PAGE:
Imagine being 16 years old and sitting in a police interrogation room without your parents or a lawyer present. As police investigators begin asking you confusing questions, you're terrified and don't understand what's happening. After what seems like hours, you're exhausted and your head is spinning with all of the details and information you've been told by investigators. Desperate to go home, you begin to agree with what investigators are telling you.
This scenario is one that plays out in police interrogations of juveniles and adults alike and, 29 years ago, resulted in two 16-year-old teen boys being convicted of murder.
In 1985, a 20-year-old man was kidnapped and murdered. Desperate to solve the case, Brooklyn police picked up two 16-year-old teens and grilled them about the circumstances of the crime. As a result, both teens confessed to the kidnapping and murder, however both subsequently recanted their false confessions.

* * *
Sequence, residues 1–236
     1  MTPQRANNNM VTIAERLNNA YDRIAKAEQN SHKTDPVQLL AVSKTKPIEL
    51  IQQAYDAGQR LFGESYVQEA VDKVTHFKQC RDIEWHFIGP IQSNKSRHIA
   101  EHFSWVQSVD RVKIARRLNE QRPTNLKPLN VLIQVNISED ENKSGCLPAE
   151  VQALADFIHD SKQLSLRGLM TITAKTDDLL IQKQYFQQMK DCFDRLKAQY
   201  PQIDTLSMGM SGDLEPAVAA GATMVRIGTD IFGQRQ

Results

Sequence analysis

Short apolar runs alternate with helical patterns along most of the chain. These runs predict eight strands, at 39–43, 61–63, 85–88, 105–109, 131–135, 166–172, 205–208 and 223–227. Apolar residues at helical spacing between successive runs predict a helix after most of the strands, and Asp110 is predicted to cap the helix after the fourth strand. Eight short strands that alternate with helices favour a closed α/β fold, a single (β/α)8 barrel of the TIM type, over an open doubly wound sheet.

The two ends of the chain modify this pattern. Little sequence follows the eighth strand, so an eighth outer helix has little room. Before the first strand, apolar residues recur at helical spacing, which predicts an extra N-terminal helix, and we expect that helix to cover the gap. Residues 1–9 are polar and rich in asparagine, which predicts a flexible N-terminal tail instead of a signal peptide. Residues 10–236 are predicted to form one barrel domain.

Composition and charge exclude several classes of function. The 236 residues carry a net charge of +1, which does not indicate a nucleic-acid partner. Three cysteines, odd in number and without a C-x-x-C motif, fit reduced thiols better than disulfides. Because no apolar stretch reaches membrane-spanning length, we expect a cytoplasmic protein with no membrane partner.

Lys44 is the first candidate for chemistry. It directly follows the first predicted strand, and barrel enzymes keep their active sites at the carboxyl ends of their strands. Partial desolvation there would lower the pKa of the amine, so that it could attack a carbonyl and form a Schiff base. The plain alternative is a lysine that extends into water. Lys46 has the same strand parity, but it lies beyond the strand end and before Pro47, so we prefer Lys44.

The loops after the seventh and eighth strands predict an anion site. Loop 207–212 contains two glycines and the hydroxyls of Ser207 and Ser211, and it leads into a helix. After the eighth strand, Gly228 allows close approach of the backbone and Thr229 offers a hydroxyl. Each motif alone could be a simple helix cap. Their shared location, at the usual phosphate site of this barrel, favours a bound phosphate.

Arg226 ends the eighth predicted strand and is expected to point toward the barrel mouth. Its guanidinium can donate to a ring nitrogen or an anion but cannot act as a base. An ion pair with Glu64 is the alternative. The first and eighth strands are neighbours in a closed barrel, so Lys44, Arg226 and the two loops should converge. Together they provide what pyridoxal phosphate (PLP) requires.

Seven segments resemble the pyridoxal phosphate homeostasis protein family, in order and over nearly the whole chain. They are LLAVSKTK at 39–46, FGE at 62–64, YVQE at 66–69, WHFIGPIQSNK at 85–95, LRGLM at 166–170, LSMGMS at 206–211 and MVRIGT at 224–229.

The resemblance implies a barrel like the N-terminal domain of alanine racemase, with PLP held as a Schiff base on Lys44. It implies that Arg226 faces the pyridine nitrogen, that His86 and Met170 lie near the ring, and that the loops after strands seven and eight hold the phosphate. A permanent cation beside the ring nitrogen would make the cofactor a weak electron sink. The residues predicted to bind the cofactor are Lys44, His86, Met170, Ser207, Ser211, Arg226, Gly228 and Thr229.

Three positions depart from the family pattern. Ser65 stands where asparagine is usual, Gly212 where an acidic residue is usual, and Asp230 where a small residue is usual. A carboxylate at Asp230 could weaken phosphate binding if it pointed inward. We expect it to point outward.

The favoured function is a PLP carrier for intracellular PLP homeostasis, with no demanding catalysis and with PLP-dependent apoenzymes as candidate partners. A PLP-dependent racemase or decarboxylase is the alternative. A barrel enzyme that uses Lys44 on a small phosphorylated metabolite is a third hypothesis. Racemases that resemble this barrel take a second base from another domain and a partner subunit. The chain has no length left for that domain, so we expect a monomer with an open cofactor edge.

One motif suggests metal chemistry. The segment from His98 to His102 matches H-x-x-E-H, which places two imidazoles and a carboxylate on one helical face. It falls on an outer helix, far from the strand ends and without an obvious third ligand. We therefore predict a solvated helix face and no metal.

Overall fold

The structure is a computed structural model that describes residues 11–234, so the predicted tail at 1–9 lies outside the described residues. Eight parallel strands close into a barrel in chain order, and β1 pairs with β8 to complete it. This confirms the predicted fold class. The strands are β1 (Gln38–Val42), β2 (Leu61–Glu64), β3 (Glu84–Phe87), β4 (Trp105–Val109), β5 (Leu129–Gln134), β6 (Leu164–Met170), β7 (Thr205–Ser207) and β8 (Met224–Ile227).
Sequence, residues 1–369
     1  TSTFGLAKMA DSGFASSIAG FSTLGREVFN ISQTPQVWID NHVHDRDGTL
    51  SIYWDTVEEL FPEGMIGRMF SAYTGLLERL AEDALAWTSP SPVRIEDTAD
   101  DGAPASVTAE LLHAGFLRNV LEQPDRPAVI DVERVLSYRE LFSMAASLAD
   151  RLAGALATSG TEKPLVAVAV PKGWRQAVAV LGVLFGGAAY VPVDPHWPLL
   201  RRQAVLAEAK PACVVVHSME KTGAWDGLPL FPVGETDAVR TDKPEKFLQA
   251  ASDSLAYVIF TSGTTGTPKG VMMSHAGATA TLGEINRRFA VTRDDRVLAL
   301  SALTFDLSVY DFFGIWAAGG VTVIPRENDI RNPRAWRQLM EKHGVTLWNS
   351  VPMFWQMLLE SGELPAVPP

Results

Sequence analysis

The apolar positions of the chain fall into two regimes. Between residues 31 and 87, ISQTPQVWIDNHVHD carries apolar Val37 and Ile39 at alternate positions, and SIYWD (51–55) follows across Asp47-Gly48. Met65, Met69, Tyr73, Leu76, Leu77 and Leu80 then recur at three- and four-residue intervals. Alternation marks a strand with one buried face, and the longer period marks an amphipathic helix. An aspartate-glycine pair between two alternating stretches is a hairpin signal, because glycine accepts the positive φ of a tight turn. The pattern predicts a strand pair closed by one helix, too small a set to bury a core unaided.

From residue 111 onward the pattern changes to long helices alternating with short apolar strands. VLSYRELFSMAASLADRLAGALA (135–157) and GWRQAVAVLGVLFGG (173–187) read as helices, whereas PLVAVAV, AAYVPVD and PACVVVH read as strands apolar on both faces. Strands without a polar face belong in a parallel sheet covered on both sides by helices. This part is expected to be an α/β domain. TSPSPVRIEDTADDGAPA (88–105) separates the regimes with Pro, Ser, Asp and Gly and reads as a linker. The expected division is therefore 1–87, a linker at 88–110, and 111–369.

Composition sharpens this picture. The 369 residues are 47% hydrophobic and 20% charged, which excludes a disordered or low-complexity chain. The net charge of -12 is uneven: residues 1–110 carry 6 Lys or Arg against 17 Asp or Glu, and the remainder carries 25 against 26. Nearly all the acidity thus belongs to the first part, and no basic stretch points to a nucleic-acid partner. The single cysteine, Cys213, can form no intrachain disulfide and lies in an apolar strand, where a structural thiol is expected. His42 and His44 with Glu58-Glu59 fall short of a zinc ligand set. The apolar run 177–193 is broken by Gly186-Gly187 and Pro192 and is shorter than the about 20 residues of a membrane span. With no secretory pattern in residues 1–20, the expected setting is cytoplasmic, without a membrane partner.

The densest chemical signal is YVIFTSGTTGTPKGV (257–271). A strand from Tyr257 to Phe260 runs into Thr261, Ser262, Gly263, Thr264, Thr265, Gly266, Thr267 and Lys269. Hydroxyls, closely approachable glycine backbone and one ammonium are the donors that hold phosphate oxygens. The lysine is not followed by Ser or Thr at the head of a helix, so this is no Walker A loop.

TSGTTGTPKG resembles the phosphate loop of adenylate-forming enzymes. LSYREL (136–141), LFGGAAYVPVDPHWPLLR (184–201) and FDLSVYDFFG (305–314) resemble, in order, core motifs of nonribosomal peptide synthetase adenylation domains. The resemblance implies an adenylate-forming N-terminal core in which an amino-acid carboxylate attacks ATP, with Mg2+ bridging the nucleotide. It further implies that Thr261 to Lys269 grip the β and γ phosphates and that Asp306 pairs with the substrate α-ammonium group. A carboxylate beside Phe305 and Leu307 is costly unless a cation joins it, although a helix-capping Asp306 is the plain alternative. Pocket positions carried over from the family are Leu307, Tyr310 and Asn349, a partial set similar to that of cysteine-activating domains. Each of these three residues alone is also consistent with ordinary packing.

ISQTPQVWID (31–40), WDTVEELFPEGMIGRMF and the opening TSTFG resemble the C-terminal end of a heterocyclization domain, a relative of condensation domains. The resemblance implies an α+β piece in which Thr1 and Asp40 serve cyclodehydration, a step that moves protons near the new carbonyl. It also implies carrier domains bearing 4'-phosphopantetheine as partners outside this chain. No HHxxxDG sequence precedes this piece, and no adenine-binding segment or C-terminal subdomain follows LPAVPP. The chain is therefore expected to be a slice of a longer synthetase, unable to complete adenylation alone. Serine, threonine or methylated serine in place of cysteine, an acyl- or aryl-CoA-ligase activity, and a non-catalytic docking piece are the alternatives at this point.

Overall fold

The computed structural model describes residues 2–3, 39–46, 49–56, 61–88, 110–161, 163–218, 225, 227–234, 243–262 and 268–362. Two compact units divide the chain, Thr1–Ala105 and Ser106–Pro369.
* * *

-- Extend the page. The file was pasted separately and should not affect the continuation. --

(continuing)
There was no other evidence tying the two young teens to the crime. Despite the lack of evidence, prosecutors aggressively pursued the case and both boys, David McCallum and Willie Stuckey, were convicted of felony criminal charges related to kidnapping and murder and sentenced to prison.
Earlier this year, a review of the case, along with many other questionable convictions, was taken up by Brooklyn's new District Attorney Kenneth Thompson. Speaking about McCallum's case, Thompson admitted “I inherited a legacy of disgrace with respect to wrongful convictions.”
McCallum and Stuckey were recently exonerated and their convictions vacated. After spending the better part of his adult life behind bars, the now 45-year-old McCallum expressed sadness that his friend Willie Stuckey was not alive to share in his joy of justice finally being served. Stuckey died of a heart attack in prison in 2001.
David McCallum's case highlights disturbing patterns of misuse of justice that were readily employed by Brooklyn's previous D.A. Individuals who are suspected of committing a crime and face criminal charges would be wise to exercise their Fifth Amendment right to remain silent and immediately contact a criminal defense attorney.
Source: New York Daily News, "Wrongfully convicted Brooklyn man goes free after 29 years in prison, DA slams tactics of original prosecution," Oren Yaniv, Oct. 15, 2014